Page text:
MINIS have been rolling off the production line since 1959. They are still building them, though radically redesigned, bringing total numbers to more than six million.
Here's what happened to a few of them on the highways and byways of South Devon.
Some were written-off in crashes, like the collision on the Newton Road in 1962. Others ended their day in spectacular fashion like the Mini estate in the window of Arthur Cooper's off-licence in Torwood Street.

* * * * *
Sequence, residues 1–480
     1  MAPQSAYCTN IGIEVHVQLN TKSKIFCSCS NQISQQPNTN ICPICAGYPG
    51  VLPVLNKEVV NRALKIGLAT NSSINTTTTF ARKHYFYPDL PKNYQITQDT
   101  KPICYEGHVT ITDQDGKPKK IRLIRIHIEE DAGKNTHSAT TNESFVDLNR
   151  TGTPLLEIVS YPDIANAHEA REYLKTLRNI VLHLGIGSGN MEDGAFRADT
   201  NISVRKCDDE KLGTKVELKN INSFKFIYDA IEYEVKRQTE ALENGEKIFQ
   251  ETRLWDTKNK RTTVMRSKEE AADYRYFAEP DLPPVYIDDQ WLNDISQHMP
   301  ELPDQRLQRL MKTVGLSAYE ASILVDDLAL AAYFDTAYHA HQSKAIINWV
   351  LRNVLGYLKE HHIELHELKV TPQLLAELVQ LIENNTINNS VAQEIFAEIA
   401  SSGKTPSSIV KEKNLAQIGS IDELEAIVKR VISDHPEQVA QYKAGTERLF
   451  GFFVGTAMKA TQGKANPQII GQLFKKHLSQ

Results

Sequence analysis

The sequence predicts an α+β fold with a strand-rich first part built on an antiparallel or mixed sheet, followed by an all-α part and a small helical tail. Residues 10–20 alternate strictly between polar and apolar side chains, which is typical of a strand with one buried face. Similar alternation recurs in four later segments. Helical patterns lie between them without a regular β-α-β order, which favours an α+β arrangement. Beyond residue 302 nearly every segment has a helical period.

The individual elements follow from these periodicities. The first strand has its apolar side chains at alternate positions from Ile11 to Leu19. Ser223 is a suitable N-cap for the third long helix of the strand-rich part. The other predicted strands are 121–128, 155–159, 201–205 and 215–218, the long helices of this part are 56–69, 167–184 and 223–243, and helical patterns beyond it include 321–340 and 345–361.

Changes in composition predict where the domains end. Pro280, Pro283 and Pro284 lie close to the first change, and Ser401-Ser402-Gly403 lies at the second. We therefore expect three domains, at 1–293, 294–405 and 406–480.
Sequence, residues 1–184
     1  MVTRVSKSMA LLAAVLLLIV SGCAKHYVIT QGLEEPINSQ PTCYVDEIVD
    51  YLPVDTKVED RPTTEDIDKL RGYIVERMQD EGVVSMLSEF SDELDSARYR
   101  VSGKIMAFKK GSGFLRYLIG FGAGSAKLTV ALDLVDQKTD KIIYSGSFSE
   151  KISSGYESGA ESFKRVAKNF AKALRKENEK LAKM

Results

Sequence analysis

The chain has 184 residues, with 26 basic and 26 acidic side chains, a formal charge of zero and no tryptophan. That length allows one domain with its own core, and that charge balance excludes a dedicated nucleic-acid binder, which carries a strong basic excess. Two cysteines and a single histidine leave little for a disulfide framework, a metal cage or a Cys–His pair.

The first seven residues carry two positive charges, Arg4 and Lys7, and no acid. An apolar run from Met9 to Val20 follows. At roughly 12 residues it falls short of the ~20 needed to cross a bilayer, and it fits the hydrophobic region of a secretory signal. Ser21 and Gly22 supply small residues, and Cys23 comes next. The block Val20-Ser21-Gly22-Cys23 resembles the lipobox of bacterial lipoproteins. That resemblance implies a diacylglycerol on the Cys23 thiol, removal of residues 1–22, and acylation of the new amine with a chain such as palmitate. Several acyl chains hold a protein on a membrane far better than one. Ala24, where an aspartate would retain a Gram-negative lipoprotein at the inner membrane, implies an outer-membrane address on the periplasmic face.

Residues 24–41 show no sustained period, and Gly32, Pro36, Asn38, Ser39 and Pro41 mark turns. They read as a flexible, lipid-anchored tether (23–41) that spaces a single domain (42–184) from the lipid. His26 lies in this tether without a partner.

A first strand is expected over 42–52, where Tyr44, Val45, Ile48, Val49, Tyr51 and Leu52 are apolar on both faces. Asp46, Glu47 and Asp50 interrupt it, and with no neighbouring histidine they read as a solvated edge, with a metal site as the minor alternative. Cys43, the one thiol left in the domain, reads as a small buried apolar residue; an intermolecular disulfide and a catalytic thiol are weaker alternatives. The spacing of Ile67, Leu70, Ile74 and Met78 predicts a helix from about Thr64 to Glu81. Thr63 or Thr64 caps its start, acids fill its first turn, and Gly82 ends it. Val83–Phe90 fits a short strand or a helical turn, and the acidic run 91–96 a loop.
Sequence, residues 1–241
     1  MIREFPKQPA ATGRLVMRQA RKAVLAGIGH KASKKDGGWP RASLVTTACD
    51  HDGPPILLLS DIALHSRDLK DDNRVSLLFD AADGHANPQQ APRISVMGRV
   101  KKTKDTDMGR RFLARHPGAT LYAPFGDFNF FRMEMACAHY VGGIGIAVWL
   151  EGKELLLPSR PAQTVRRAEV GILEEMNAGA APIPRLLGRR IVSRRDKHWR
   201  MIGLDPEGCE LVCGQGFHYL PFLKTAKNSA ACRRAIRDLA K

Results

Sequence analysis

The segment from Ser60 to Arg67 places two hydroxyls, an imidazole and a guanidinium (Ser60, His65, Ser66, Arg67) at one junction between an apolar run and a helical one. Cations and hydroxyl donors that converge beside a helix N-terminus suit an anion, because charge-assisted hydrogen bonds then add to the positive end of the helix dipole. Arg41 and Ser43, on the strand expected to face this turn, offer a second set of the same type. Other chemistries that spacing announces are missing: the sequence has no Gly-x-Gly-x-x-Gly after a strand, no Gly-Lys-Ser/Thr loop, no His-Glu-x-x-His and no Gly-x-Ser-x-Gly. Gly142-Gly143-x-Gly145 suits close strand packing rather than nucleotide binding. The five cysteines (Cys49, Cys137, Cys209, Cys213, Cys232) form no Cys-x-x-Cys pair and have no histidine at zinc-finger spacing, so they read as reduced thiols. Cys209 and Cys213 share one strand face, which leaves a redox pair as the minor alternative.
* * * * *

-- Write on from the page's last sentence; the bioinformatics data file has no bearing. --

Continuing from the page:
Then there were watery graves either through genuine mishap or illegal dumping. The vehicle in the Dart at Ashprington in 1986 looks a long way from home. How did it get there?
In 1980, the Mini Metro was launched by British Leyland as a sister car. In 1994 one found its way on to Meadfoot beach. How it got there was a mystery.
Classic minis are now treasured. They were the first car for a generation and all of these right-offs would now fetch many thousands of pounds if restored.